The 'Odessey' of The Zombies
British Invasion Band Lives on with New Member, music & Timeless Catalog of Hits
The original short history of The Zombies has, over time, engraved an indelible design of influence and acclaim for the St. Albans-based band. Arriving at the height of the British Invasion in 1964 with the well-received album Begin Here and a string of hit singles including "She's Not There" and "Tell Her No." The future looked bright for the band but by 1967, they became disillusioned after recording their second full-length album, the famously misspelled Odessey and Oracle. It remained unreleased until a few months after the group had dissolved.
But in the ensuing 50 years, the album turned into one of the most acclaimed records of the rock era, influencing several generations of musicians, artists and writers including Tom Petty and Dave Grohl. Buoyed by renewed interest and respect, they officially returned in 1999 with a slightly revamped line-up and a batch of new material that equaled the quality of their initial work.
After a January performance at 30A in Florida, bassist Jim Rodford died suddenly and the Zombies faced a big decision. INsite caught up with vocalist Colin Blunstone at his home in the UK to discuss the past and future of The Zombies.
The news about Jim Rodford must have been devastating.
It's been a huge shock to us. He was at our very first rehearsal in 1961. Obviously I knew him socially and he's played on a lot of my solo albums. Then, when we got this incarnation of the Zombies together in 1999, he was the first guy we spoke to. Nineteen years we've been playing together and that's a long time.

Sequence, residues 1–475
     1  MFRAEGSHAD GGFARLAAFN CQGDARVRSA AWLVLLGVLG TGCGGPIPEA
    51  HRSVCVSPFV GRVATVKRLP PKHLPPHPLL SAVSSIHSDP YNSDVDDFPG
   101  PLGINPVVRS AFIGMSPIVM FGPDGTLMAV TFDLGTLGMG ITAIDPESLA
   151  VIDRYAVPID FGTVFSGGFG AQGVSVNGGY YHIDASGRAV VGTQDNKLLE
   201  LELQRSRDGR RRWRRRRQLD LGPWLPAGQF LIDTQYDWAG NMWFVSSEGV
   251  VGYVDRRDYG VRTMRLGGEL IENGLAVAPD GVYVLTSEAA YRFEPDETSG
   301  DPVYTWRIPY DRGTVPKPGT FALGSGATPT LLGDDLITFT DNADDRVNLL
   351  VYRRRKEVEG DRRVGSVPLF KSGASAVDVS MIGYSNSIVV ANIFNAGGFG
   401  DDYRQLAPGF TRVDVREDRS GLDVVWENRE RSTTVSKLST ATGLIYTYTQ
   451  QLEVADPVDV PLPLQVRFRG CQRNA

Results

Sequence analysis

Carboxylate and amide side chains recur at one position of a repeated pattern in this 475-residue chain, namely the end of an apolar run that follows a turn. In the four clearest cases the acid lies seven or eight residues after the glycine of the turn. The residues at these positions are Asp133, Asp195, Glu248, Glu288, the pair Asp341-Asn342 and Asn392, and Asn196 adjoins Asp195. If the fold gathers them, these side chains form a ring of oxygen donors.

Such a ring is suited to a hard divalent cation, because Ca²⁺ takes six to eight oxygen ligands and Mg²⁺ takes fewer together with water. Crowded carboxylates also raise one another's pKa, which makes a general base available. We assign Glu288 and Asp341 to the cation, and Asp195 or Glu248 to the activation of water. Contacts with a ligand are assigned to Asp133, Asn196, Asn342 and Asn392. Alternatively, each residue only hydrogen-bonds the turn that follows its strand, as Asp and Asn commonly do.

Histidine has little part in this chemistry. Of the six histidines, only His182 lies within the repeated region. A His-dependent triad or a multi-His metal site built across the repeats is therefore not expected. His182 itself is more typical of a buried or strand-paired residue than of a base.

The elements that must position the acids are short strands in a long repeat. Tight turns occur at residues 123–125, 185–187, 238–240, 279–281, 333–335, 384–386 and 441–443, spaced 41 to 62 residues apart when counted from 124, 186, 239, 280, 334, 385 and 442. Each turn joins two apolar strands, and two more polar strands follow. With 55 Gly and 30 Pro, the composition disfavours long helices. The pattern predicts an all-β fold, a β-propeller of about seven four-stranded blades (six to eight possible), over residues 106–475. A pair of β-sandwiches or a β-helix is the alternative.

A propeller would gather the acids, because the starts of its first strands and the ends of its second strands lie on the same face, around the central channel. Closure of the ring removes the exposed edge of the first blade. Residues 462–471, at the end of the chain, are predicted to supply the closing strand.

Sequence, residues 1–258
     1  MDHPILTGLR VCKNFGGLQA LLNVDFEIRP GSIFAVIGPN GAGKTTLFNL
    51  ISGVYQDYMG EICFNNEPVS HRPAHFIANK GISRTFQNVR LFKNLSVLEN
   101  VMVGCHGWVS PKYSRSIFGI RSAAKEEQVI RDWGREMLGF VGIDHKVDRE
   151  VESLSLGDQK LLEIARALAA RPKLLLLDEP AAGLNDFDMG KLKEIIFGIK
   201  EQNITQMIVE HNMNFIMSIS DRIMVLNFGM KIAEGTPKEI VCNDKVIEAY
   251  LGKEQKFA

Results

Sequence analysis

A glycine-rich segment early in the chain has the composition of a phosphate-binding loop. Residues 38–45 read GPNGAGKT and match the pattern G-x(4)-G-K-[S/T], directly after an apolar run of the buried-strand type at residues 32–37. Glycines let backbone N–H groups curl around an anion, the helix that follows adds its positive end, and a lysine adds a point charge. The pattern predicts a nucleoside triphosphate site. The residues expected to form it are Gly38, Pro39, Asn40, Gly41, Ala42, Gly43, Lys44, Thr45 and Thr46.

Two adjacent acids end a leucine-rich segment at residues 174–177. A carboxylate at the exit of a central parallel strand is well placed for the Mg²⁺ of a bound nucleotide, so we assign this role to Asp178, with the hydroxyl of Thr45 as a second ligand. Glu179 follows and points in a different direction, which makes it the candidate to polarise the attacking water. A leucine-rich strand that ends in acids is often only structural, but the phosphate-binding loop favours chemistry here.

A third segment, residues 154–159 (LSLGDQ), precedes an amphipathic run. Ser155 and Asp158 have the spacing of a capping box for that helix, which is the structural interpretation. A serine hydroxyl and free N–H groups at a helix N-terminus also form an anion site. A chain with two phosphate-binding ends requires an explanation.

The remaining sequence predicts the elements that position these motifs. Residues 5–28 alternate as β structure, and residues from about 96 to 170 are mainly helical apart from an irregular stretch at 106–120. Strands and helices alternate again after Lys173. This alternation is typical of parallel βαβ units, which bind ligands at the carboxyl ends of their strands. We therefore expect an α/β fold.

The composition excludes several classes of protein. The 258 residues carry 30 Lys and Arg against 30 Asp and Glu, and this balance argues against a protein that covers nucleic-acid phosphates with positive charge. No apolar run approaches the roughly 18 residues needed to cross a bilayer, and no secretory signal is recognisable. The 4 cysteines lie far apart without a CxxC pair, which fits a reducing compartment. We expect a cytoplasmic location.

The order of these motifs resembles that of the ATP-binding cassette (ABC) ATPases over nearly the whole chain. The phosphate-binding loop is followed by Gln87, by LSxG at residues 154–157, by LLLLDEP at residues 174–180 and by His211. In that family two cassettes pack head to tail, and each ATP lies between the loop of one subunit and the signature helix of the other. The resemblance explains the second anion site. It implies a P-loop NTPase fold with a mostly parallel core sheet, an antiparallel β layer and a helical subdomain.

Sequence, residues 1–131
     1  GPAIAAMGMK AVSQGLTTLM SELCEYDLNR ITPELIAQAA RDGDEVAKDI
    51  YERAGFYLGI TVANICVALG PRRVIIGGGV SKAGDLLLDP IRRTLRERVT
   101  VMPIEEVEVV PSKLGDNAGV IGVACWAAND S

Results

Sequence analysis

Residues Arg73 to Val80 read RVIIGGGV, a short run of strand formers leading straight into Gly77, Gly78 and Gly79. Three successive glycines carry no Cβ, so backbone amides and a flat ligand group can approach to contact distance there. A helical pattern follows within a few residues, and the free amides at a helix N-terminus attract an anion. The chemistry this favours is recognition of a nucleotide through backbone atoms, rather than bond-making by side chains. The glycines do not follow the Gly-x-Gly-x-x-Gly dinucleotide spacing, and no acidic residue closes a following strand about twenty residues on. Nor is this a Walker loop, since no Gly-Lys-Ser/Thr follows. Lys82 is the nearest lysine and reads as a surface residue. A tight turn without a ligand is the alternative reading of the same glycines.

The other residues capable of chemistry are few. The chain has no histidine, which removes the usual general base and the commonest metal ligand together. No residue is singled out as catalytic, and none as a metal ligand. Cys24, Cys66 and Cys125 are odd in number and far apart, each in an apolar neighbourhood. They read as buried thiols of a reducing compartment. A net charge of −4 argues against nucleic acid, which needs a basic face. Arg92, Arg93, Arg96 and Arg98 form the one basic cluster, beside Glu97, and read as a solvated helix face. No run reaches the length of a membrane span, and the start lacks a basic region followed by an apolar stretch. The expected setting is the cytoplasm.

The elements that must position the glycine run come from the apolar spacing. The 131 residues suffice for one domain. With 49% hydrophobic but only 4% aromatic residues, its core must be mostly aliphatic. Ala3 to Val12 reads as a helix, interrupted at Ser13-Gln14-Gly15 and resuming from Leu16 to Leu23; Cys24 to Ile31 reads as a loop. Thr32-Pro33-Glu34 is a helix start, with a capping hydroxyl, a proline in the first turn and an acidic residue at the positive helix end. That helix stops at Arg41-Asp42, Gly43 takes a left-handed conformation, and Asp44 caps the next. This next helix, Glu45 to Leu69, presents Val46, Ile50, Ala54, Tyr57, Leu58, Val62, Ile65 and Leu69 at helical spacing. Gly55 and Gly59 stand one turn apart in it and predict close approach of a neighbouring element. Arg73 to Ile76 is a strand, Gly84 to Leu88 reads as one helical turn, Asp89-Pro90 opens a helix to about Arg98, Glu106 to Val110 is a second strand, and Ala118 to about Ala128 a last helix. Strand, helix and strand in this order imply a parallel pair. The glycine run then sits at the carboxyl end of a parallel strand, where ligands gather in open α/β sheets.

But you had a long American tour already on the books.
We had to make a decision, very quickly if we were going to do this American tour. But Jim was a real 'show must go on' type person. Once we decided we were gonna do this tour, we knew we'd have to really throw ourselves into it. We can never place him but we found a wonderful bass player who's going to come with us, Soren Koch. It'll be different, but it's gonna be great.
Last year's tour celebrated the 50th anniversary of Odessey and Oracle, which stated with the 40th anniversary tour a decade earlier.
It grew. The idea was to do one concert to celebrate the 40th anniversary of it in London. Then one sold out immediately, then that grew to three, then there was interest in doing it in other cities. Then the 50th came up. We've just been asked to play it again in Berlin this summer.
But you always include new songs with the familiar material.
We have to do new songs because that's the lifeblood of what we do. I've started a solo album and already we're writing so I'm sure in the next few months we'll be starting a new Zombies album. I know Rod's got a couple of songs on the way. It's a constant thing with us. We just like to write and record new material.
It's consistently good new material, too. Still Got that Hunger from 2015 is just as good as any of the classic tracks.
I wasn't sure if a band with our heritage would even chart in today's record industry but it was a wonderful surprise when we did. Hopefully we'll chart with the next one as well. I think we've still got as much energy onstage as there was in the '60s. But if that were to change, we'd have to take a view on whether it was worth continuing.
So this is in no way a "Final Tour?"
At this point, retirement's a long way off. We love playing. Rod and I both really enjoy the excitement of a live performance. We don't take prisoners when we go on stage; we give it everything we've got. It'll be the same on this next tour as well. Once in a while, Rod and I, we have to sort of pinch ourselves and say, 'Can this really be happening?' We think we are incredibly fortunate to have to have to opportunity to travel around the world with our friends, playing the music we love, at this time in our lives. It's so unexpected. I think both of us thought that our touring days were over, a long, long time ago.